In this article Dr. Mirus contrasts theocrats with meocrats. What are meocrats? "Those who ultimately regard their own materialistic selves as the measure of all things."
How do we identify meocrats, and how does one become a meocrat? There is some difficulty in identifying meocrats because a meocrat looks very much like a person of principle caught in an inconsistency, or a religious person caught in sin. You become a meocrat only when you persistently, over an extended period of time, deal with your inconsistencies (or sins) by redefining your principles to suit your inclinations. If you do this, you will also find yourself taking delight in the failures of persons of principle to live up to what they believe, and you will publicly denounce sin and failure as hypocrisy whenever you can, the better to discredit those who claim a transcendent point of view.
If this sort of behavior sounds familiar, it may be because meocracy is one of the most potent forces in American politics today, and it is rooted in that unbridling of the passions which we call vice. By its very nature, vice clouds the intellect. It begins by making it difficult for people to reach sound conclusions about how best to live personally and how best to promote the common good politically. It continues by causing increasingly stupid people to deny that transcendent principles and values are anything more than peculiar prejudices. And it ends in the blind defense mechanism by which people define good as evil and evil as good, adopting false principles to protect their passions.Why make up "meocrat" then--let's just call a spade a spade--what Dr. Mirus is talking about is rule by the vicious and the corruption of reason.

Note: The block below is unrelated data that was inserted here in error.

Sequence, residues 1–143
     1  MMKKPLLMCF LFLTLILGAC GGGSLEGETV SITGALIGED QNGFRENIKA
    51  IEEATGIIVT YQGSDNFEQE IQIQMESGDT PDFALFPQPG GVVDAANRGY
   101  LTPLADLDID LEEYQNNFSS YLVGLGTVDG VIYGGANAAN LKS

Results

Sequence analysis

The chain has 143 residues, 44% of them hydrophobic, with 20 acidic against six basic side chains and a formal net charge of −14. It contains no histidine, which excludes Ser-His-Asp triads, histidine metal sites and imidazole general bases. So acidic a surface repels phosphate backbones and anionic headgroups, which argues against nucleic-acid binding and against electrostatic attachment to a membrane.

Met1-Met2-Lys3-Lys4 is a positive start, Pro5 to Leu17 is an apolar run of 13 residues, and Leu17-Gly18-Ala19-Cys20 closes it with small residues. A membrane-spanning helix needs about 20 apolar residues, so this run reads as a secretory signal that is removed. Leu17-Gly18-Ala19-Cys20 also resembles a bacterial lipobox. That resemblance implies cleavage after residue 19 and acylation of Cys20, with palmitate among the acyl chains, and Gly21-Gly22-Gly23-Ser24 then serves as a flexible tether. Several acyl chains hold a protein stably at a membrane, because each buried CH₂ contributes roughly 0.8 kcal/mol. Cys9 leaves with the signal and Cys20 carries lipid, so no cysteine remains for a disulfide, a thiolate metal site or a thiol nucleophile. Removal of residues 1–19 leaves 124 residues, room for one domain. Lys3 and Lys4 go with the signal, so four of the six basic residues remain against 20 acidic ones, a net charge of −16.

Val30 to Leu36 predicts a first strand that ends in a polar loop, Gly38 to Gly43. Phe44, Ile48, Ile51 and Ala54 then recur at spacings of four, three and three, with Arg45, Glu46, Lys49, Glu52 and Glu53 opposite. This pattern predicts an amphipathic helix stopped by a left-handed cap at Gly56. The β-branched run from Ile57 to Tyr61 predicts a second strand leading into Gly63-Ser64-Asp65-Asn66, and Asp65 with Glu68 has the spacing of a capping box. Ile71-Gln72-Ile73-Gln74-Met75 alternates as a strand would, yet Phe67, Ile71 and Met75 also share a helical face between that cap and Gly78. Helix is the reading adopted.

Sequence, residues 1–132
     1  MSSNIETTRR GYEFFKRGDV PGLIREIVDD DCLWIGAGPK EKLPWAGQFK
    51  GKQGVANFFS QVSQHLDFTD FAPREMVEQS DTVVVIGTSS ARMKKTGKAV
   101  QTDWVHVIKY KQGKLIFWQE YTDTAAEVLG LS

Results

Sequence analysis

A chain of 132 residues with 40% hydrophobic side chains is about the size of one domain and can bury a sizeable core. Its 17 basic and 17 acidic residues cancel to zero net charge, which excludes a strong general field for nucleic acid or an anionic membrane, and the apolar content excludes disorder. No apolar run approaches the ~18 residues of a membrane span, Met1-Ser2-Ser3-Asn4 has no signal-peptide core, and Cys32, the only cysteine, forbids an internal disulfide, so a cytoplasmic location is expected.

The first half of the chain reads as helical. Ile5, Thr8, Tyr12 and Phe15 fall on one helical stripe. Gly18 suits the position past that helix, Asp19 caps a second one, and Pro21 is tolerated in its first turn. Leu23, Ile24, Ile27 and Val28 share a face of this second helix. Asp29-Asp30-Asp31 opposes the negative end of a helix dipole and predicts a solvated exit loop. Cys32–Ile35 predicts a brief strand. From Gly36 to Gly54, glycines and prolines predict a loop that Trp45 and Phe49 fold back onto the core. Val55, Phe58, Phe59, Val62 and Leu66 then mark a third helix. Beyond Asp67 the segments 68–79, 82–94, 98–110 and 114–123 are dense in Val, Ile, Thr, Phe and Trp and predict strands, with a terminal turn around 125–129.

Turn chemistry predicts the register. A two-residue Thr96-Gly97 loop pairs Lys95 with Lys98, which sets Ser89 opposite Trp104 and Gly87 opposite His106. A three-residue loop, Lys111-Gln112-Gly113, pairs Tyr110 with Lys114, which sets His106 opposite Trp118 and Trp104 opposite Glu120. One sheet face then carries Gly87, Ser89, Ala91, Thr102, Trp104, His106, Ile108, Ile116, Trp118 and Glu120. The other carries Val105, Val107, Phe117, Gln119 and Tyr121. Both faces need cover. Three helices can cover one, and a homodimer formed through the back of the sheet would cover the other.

Although it is very hard to find a theocrat in America, it is not hard to find those who create the same kind of conflict by denying transcendence and redefining reality to suit their own inclinations. Yet transcendence is essential to both public discourse and the proper exercise of authority. Without transcendence, there is only meocracy, because without transcendence there is only me.Is it more important to have knowledge of the transcendent than to have a genuine love of the political common good? Is it possible for a virtuous agnostic to exist and rule well? It seems to me that this is a false dichotomy--one does not need to believe in God or recognize His existence in order to be aware of the common good and to live in accordance with it.